• 4 Shumate Middle School, Gibraltar, Michigan
  • 5 Science Systems and Applications, Inc., and NASA Langley Research Center, Hampton, Virginia
  • 6 Polar Citizen Science Collective, Thurlaston, Leicestershire, United Kingdom
  • 7 Science Systems and Applications, Inc., Pasadena, California
  • 8 NASA Langley Research Center, Hampton, Virginia
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Abstract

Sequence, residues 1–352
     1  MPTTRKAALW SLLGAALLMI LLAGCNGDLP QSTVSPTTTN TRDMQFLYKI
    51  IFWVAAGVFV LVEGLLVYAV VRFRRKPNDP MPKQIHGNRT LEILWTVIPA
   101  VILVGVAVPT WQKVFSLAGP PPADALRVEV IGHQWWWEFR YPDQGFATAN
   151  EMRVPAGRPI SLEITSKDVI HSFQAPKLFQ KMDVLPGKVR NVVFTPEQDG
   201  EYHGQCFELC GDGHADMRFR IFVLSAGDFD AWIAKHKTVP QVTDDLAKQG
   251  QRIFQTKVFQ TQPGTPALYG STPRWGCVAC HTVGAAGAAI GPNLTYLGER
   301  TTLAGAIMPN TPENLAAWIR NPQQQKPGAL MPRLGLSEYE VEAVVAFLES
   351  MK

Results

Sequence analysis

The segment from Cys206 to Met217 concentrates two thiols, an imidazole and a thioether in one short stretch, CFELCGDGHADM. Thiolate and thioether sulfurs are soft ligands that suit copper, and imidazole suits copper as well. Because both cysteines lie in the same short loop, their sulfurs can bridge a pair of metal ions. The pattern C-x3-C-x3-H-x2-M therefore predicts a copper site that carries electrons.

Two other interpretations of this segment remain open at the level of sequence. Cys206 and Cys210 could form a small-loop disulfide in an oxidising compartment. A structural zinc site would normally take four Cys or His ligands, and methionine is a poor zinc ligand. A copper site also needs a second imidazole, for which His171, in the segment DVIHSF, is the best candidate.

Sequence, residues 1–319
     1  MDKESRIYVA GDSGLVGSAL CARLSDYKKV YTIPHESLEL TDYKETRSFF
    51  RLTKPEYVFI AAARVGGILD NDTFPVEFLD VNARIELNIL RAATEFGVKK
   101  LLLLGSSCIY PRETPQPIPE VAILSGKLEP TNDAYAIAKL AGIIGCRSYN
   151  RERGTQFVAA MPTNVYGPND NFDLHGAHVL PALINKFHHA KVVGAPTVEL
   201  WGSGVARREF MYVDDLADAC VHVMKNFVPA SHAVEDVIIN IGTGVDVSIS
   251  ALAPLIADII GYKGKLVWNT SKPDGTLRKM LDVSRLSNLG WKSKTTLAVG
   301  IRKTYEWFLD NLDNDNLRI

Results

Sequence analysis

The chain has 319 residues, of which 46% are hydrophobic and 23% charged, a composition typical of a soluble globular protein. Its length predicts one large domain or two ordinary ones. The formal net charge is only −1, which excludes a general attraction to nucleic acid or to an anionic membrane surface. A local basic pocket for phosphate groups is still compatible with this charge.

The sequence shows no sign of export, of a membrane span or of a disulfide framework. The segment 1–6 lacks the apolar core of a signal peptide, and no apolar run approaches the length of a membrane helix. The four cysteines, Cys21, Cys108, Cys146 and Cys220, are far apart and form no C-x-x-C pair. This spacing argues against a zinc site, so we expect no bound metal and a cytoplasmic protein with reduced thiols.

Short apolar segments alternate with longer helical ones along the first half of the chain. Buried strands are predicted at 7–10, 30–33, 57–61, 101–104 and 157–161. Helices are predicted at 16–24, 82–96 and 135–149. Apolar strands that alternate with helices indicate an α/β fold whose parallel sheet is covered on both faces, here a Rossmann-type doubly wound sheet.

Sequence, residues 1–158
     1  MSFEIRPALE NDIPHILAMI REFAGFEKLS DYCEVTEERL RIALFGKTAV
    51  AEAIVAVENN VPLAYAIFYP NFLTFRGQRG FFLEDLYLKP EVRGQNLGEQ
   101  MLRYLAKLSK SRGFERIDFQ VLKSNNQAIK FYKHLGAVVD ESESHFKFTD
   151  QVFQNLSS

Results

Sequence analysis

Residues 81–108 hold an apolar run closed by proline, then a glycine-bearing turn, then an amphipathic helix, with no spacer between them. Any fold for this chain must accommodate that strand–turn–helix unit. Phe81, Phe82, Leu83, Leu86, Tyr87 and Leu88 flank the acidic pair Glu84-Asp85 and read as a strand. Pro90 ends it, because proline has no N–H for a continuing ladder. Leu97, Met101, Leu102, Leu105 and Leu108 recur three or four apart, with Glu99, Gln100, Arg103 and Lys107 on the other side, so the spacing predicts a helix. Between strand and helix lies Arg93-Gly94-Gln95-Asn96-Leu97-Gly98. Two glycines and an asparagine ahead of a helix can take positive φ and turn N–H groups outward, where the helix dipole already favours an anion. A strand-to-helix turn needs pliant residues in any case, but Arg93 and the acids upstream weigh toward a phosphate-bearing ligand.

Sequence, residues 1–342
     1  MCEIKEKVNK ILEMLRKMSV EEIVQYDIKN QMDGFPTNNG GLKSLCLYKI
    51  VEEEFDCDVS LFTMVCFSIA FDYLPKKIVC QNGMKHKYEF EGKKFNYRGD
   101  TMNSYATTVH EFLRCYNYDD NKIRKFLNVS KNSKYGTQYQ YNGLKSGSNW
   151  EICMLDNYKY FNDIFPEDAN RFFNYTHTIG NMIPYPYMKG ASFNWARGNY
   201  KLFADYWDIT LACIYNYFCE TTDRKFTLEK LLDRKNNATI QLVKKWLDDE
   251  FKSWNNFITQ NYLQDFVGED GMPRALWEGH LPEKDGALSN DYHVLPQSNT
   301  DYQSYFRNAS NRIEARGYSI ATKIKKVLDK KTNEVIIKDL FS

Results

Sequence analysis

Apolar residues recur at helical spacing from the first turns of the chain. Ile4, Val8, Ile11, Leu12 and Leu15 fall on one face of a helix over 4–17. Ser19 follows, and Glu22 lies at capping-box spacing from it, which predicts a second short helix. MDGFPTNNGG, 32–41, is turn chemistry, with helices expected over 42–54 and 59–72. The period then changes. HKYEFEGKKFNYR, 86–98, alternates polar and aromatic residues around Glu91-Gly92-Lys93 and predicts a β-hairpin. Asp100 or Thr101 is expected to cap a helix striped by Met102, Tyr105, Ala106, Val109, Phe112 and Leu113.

Citizen science is often recognized for its potential to directly engage the public in science, and is uniquely positioned to support and extend participants’ learning in science. In March 2018, the Global Learning and Observations to Benefit the Environment (GLOBE) Program, NASA’s largest and longest-lasting citizen science program about Earth, organized a month-long event that asked people around the world to contribute daily cloud observations and photographs of the sky (15 March–15 April 2018). What was considered a simple engagement activity turned into an unprecedented worldwide event that garnered major public interest and media recognition, collecting over 55,000 observations from 99 different countries, in more than 15,000 locations, on every continent including Antarctica. The event was called the “Spring Cloud Challenge” and was created to 1) engage the general public in the scientific process and promote the use of the GLOBE Observer app, 2) collect ground-based visual observations of varying cloud types during boreal spring, and 3) increase the number and locations of ground-based visual cloud observations collocated with cloud-observing satellites. The event resulted in roughly 3 times more observations than during the historic and highly publicized 2017 North American total solar eclipse. The dataset also includes observations over the Drake Passage in Antarctica and reports from intense Saharan dust events. This article describes how the challenge was crafted, outreach to volunteer scientists around the world, details of the data collected, and impact of the data.